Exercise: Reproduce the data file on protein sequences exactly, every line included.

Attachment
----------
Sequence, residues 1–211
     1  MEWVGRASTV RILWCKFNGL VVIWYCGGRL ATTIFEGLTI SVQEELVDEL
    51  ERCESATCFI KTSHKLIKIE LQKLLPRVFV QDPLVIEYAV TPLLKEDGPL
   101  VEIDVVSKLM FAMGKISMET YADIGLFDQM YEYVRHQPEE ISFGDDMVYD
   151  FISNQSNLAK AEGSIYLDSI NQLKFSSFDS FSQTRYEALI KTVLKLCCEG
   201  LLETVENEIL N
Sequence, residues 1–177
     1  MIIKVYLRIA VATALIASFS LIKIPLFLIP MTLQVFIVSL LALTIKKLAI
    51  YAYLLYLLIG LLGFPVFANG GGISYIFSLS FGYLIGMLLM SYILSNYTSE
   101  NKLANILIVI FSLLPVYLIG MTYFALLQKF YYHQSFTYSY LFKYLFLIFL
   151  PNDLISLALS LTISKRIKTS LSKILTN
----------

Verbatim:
Sequence, residues 1–211
     1  MEWVGRASTV RILWCKFNGL VVIWYCGGRL ATTIFEGLTI SVQEELVDEL
    51  ERCESATCFI KTSHKLIKIE LQKLLPRVFV QDPLVIEYAV TPLLKEDGPL
   101  VEIDVVSKLM FAMGKISMET YADIGLFDQM YEYVRHQPEE ISFGDDMVYD
   151  FISNQSNLAK AEGSIYLDSI NQLKFSSFDS FSQTRYEALI KTVLKLCCEG
   201  LLETVENEIL N
Sequence, residues 1–177
     1  MIIKVYLRIA VATALIASFS LIKIPLFLIP MTLQVFIVSL LALTIKKLAI
    51  YAYLLYLLIG LLGFPVFANG GGISYIFSLS FGYLIGMLLM SYILSNYTSE
   101  NKLANILIVI FSLLPVYLIG MTYFALLQKF YYHQSFTYSY LFKYLFLIFL
   151  PNDLISLALS LTISKRIKTS LSKILTN